- Expanding the garden (width and/or depth).
- Further amending the soil (especially if you have heavy clay soil).
- Adding more wetland sedges and grasses that speed up water use.
Can I pile snow on my rain garden?
Because plants are dormant, their activity is reduced, but the rain garden will still help slow down water movement and enable it to be absorbed into the ground in the winter. The ponding area provides storage for a certain amount of runoff even if the ground is frozen. Water may remain longer, particularly when the ground is frozen, but that’s not a problem in winter. Rain gardens do work best in the spring and summer, but that is when they are most needed to protect streams from polluted runoff and heavy storm volumes. You can place a small amount of snow on your rain garden, but a large amount may compact the soils in the garden or damage the plants. A heavy snow or ice on the garden in early spring may slow down the greening of your plants. It is better to place large amounts of shoveled snow next to the rain garden; as it melts, it will flow in and be absorbed.
My downspout inlet has made a rut of erosion where it “shoots” out into the garden. What should I do?
This is an excellent opportunity to see stormwater in action. Water from the drain tile can have a lot of pressure, so you may need to do one or more of the following:
- Place a block or flat stone under the washed out area. This will help spread the flow to a wider pattern until the garden fills up.
- Let that area be a deeper point in the garden and move the sediment to higher parts of the garden.
- Keep leaf litter and asphalt debris out of the basin.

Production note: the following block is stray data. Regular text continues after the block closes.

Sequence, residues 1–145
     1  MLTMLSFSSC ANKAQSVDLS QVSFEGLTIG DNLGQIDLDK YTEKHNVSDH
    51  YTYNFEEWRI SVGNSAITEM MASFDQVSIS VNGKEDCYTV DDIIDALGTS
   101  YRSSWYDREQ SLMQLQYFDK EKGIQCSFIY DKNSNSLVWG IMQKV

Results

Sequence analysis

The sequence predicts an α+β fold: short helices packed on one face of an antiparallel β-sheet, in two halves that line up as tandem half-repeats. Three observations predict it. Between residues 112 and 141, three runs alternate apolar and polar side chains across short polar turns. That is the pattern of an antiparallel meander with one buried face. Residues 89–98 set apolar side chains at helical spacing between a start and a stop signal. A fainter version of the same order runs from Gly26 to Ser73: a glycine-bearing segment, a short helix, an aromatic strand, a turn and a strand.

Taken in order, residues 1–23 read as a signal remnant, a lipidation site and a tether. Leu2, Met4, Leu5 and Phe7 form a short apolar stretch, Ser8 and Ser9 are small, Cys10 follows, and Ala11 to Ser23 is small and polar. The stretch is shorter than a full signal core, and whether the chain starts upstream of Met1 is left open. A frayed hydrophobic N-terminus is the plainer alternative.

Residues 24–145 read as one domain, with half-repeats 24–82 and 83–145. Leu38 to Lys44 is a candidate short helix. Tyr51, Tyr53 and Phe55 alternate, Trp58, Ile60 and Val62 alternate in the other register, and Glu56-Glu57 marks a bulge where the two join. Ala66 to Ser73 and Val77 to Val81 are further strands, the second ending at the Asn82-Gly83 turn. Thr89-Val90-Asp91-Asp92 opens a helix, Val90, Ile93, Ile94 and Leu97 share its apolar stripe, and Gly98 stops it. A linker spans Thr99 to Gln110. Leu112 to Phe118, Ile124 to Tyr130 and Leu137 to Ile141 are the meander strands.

- Occasionally, reposition the drain tile, allowing it a lot of room for erosion.
Can I order a sign for my rain garden or native planting?
A sign does a world of good in communicating to neighbors and onlookers. If you are within the city limits of Indianapolis, you can register your rain garden with the City of Indianapolis and elect to receive a sign for your yard. Among other programs, the National Wildlife Federation has a certification and sign program. Installing a rain garden with native plants and leaving the seeds over winter covers the checklist requirements for backyard habitat. To learn more, go to National Wildlife Federation Backyard Wildlife Habitat.
What is a pollinator?
A pollinator is any animal which carries pollen from one flower to another flower, which is how flowering plants reproduce. Pollinators don’t do this on purpose—it happens while they forage for nectar inside the flowers—but the process is essential for plant fertilization. Honey bees, an important component of modern industrial agriculture, are integral to fertilizing many food crops. In addition to honey bees, which are an exotic species that do not naturally occur in the Americas, many native bumblebees, butterflies, moths, flies, birds and bats are also important pollinators. While we hear a lot about threats to honey bees—and deservedly so—our native pollinators are also critical to the pollination of many crops and nearly all wild plants. They are suffering from the same threats as honey bees.
How do native bees compare to honey bees at the job of pollination?
Honey bees make crop pollination easier for farmers, because they can be easily transported to where the farmer needs them. However, there are a wide variety of fruits and vegetables for which native pollinators are more efficient. These include apples, cherries, squash, watermelon, blueberries, cranberries and tomatoes. Native bees are also less sensitive to environmental conditions, so they will be out working in wetter and colder conditions than honey bees. This means that native species forage for longer periods of time – earlier and later in the day – and through seasonal fluctuations. It also seems like honey bees are motivated by a little competition. When they’re working around native bees, they move between plants more frequently, effectively pollinating more plants quicker.